Zig + STM32F4Discovery = Blink

Posted on Apr 13, 2021

I recently discovered the Zig programming language thanks to this post, which first caught my attention for the mechanical keyboards background. I liked the premise of Zig’s aim to be a “better C”, as opposed to other languages (e.g. Rust) that tend more towards “better C++”, so I decided to give Zig a try and use it to do something I would usually use C for: programming a microcontroller.

This post will walk through the example, discussing some of the choices I’ve made and the tools I used. You can find the final source code here, I suggest you go through it while reading the post. I won’t provide super-detailed steps to build the example from the ground up, but you can look at git log to follow all my attempts (including failures).

Project init

The post assumes you already have downloaded and installed Zig. I used the dev version of the language (specifically version 0.8.0-dev.1509+b54514d9d) but everything should work using the stable version (0.7.1).

You can create a project directory and initialize it for the generation of an executable with these commands:

mkdir zig-stm32-blink
cd zig-stm32-blink
zig init-exe

This creates the basic structure of the project, and running zig build run should greet you with:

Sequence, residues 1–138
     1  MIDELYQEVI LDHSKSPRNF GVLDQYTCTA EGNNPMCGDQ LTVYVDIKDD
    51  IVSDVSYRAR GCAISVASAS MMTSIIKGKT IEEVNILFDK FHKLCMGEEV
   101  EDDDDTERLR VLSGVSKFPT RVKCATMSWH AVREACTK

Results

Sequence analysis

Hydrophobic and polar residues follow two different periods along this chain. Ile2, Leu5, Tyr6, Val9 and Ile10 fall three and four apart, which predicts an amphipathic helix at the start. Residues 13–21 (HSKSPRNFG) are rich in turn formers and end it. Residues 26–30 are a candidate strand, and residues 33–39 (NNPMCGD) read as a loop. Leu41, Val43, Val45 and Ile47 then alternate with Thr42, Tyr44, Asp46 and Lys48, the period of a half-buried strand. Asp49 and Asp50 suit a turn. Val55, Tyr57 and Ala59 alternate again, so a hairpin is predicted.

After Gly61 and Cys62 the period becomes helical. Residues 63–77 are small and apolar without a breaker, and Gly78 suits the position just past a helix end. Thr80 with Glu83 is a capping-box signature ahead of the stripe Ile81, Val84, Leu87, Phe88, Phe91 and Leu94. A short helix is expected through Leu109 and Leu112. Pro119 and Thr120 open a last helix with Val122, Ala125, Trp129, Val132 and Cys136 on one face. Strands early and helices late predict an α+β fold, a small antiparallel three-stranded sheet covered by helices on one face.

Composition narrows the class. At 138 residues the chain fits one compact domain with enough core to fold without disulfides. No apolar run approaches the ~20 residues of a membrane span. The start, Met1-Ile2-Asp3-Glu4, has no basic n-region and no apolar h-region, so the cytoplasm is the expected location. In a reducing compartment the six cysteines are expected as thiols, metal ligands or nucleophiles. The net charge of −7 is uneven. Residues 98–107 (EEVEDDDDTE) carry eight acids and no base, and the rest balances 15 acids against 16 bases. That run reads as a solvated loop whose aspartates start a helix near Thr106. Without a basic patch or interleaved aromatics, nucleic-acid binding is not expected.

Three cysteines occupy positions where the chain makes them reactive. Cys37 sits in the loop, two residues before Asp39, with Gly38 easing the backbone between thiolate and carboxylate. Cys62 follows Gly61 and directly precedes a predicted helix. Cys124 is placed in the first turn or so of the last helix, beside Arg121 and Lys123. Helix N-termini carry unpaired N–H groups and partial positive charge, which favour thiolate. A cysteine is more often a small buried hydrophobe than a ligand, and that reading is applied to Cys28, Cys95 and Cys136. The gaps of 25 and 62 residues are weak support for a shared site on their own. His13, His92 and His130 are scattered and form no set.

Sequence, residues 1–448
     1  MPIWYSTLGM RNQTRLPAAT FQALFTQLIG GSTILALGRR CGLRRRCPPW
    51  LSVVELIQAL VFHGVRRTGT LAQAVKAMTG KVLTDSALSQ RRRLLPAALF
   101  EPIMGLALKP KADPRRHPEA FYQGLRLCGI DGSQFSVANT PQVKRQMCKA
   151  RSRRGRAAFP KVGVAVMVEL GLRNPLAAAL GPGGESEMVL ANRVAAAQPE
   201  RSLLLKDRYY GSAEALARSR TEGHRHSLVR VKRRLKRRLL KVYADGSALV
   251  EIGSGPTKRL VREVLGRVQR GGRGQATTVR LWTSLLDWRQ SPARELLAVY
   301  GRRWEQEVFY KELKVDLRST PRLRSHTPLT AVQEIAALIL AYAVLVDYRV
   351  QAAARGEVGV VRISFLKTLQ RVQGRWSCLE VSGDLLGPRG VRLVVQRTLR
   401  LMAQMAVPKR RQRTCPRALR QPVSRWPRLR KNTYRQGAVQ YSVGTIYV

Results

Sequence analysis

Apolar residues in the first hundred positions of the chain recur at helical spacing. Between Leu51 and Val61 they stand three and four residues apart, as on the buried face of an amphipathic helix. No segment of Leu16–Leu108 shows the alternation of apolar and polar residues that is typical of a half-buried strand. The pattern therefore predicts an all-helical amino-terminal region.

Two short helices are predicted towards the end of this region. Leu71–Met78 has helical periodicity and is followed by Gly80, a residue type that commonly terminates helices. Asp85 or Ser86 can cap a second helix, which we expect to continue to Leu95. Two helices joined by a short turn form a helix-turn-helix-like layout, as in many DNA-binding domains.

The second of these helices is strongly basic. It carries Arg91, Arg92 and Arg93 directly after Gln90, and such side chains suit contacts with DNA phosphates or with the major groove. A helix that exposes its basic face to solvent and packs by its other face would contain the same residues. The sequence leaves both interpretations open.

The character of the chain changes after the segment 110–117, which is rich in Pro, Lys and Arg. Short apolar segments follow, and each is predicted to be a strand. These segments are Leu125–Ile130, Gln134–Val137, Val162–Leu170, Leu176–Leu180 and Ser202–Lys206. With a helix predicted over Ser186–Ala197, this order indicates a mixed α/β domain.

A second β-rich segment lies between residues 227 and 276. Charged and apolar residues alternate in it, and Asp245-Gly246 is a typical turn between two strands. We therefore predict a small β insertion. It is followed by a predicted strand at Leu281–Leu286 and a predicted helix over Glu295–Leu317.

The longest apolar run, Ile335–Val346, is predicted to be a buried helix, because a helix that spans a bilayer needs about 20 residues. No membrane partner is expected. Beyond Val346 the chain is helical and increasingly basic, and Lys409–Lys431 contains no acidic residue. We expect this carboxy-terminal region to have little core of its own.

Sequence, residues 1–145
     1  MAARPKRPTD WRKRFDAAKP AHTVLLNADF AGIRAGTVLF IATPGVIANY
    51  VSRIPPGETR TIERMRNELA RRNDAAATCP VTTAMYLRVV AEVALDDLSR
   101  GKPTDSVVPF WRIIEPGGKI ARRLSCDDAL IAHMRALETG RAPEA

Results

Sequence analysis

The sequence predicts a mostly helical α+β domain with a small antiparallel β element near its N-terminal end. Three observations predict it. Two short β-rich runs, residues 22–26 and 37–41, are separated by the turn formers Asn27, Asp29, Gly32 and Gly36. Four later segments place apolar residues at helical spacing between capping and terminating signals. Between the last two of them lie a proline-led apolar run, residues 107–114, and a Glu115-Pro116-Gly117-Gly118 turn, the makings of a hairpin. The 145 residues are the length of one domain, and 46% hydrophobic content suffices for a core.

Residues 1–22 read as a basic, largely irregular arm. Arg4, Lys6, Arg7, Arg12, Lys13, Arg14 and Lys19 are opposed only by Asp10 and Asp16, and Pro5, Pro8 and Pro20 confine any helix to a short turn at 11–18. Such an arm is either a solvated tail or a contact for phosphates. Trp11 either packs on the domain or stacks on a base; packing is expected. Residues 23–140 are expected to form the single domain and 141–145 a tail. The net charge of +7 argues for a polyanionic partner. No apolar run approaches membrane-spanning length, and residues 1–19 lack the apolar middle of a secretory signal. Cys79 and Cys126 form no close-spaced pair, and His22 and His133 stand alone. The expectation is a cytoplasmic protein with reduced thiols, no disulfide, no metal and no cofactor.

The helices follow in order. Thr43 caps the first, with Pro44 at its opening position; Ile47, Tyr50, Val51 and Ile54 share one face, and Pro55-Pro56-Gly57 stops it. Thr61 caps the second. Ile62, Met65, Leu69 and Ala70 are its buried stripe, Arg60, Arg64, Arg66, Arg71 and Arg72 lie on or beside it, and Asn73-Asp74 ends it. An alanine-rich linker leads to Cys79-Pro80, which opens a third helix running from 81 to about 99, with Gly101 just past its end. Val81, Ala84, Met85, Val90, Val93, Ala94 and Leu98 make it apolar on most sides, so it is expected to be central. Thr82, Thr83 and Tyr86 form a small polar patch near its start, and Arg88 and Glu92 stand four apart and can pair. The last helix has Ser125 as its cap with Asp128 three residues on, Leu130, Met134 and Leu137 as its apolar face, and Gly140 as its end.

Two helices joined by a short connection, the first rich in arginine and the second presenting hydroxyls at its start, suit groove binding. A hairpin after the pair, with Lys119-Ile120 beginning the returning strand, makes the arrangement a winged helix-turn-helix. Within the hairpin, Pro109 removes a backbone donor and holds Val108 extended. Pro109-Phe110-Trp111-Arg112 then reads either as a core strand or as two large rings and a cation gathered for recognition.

info: All your codebase are belong to us.

The next step is setting up all the stuff we need for cross-compilation, which fortunately with Zig is not a lot.

Setting up cross-compilation

Zig’s cross-compilation experience really pleased me. You can list all supported targets with zig targets and for most targets you just have to run zig build-exe -target <target-triple> to cross-compile. Since we are building for a specific target, we can just define a fixed target in build.zig.

The STM32F4 Discovery uses an STM32F407VG, which is an ARM Cortex-M4 CPU, so cpu_arch will be arm thumb and cpu_model will target the cortex_m4 CPU. The code will run as bare metal, with no OS involved, so os_tag will be freestanding.

Update 04/06/2021: I discovered that the correct cpu_arch to use here is thumb and not arm, since Cortex-M CPUs only support Thumb (and Thumb2) instructions (see here)